NYCHA to start enforcing new rules to curb fentanyl trafficking
New York City is expected to launch a pilot program to curb the growth of the fentanyl drug known as fentanyl, a potentially deadly synthetic opioid.
The city’s Health Department is proposing a new law requiring all new fentanyl-containing prescriptions issued to be filled by registered nurses, and allowing for mandatory reporting of the drug’s presence in New York.
The new regulations are intended to combat the rise of the deadly synthetic opiate fentanyl, which has been linked to a surge in overdose deaths.
Fentanyl has been found to be highly potent, with up to 80 percent of users experiencing a severe respiratory depression and respiratory failure.
It is often used to treat opioid-dependent patients.
“The goal of this pilot program is to identify if we need to expand the existing fentanyl registry and how we can best ensure the safety and security of New Yorkers,” Mayor Bill de Blasio said.
“This is the first step in our fight against fentanyl.
This will allow us to ensure that we have a reliable and effective database that will allow the city to identify and report fentanyl-related deaths and other serious health risks to our communities.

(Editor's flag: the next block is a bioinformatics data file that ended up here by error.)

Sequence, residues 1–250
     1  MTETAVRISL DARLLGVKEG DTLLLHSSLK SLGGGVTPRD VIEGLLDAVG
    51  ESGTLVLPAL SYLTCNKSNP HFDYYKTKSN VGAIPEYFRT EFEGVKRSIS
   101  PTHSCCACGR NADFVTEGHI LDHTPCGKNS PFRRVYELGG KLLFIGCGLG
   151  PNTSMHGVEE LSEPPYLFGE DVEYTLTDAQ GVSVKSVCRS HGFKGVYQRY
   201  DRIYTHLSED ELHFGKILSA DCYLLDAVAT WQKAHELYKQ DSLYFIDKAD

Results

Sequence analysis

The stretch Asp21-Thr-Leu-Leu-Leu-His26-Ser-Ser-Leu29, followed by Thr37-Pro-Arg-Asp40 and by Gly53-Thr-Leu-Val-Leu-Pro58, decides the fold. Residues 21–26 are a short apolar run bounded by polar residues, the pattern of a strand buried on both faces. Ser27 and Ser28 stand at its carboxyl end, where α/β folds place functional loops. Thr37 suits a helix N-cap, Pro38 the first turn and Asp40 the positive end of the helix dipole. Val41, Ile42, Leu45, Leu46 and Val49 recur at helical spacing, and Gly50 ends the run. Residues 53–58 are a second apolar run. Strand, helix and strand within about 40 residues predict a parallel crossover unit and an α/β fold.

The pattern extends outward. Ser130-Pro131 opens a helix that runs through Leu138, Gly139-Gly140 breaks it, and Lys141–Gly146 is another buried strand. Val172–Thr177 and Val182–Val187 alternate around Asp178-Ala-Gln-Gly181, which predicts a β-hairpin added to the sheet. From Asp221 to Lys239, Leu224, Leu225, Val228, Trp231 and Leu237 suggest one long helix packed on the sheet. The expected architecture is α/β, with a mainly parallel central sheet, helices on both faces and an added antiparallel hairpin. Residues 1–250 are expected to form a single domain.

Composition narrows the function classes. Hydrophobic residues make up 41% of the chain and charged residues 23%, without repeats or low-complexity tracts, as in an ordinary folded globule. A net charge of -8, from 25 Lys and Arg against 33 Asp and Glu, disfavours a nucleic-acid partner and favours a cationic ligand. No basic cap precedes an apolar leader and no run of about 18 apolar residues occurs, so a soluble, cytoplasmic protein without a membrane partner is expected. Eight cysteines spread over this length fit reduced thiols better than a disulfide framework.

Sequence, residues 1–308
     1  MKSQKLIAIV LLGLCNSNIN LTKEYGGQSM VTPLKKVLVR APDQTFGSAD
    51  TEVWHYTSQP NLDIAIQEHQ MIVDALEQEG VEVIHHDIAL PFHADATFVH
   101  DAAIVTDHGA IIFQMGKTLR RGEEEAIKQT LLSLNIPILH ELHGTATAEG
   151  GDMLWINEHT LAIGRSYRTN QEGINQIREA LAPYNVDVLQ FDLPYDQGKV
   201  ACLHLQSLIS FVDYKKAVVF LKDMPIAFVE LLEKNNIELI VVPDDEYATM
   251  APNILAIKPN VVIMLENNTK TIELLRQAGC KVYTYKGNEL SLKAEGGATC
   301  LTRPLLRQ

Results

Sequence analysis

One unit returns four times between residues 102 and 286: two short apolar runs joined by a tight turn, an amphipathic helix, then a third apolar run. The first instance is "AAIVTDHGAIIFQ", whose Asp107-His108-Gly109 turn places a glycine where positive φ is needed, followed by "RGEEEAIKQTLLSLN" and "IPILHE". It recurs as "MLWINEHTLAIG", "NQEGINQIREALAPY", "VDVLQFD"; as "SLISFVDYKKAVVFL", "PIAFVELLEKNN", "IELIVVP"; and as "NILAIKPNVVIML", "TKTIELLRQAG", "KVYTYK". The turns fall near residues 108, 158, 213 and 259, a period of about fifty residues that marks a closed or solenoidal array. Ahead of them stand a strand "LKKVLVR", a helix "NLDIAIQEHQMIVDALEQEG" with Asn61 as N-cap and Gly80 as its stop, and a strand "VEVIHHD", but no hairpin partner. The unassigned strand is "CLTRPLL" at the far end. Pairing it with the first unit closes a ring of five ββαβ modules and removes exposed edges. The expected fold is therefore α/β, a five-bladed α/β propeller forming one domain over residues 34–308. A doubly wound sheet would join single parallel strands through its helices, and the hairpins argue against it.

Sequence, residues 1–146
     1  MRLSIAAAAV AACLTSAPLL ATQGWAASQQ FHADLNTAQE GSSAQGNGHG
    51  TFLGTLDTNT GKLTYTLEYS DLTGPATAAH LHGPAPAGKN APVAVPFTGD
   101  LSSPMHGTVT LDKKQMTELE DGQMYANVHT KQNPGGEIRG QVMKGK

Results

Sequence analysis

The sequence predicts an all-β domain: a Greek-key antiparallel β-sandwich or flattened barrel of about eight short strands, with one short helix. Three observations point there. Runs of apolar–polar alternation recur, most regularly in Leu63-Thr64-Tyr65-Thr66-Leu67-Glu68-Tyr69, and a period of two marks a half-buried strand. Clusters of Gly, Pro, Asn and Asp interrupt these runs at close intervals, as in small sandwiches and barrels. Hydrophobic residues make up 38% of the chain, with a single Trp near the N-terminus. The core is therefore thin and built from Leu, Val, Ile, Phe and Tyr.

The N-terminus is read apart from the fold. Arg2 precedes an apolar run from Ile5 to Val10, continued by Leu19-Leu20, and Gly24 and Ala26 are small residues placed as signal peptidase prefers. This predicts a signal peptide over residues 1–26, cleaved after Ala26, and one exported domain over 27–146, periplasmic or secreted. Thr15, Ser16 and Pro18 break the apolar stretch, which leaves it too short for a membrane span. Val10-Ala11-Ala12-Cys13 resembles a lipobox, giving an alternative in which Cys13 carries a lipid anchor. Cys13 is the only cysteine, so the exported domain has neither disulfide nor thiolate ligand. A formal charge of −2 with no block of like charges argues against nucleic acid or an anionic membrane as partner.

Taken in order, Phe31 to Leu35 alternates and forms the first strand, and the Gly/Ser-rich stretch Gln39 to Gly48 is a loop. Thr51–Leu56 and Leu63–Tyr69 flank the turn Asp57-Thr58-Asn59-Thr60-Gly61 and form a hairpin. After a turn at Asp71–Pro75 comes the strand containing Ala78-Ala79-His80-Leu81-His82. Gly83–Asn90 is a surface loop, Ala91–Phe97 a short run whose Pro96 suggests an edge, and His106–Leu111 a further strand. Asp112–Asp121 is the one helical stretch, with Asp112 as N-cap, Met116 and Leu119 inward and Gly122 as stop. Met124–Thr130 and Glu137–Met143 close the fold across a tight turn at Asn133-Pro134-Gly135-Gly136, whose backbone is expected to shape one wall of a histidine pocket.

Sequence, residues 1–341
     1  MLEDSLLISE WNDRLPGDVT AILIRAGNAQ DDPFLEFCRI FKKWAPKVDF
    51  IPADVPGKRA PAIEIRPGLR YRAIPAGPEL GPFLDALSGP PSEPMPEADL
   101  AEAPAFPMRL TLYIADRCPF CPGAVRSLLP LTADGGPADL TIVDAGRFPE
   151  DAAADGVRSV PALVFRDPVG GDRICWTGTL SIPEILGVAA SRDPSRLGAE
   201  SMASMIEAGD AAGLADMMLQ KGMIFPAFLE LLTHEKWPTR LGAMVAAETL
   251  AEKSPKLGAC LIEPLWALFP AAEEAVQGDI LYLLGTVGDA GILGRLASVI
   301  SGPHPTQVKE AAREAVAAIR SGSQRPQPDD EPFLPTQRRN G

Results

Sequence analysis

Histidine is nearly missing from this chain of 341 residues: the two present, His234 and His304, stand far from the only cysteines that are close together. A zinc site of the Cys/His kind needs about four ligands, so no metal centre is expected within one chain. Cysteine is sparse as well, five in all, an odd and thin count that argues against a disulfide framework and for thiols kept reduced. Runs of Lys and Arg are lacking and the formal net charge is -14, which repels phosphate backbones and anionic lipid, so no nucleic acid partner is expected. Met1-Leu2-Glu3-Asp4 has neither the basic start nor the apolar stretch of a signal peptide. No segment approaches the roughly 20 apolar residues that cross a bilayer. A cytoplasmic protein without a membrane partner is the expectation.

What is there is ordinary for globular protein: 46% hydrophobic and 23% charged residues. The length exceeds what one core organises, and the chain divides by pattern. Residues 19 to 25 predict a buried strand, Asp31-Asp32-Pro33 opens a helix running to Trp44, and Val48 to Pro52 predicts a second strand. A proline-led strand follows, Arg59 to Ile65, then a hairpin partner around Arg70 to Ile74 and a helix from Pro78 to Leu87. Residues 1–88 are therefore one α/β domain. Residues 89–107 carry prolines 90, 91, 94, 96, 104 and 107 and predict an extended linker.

This is a first step, but we will continue to work closely with partners and law enforcement to develop more comprehensive and effective solutions.”
The proposed rules, which will go into effect in late 2017, will include requiring that registered nurses fill fentanyl prescriptions for the first time, which is already mandatory in New Jersey, Connecticut and Rhode Island.
It is also expected that pharmacies will be required to report fentanyl prescriptions to the city.
New York City will also have to start reporting all new prescriptions to local police within 72 hours of the dispensing date, which could lead to the loss of a prescription if it is not filled within 30 days.
The New York State Department of Health said it is reviewing the proposals, but is not yet in a position to enforce the law.
The announcement comes just weeks after the state’s Attorney General announced that the city’s opioid crisis is the third-highest in the nation, surpassing the nation’s homicide rate.
“While the overdose crisis is real and the death toll is rising, New York is a city of heroes and our leaders are committed to making sure that our residents get the help they need to recover from their addiction,” Gov.
Andrew Cuomo said in a statement.
“New Yorkers have always had an incredible support system and we are committed, as always, to ensuring that the resources available to them are utilized in a way that is consistent with our values and compassion.”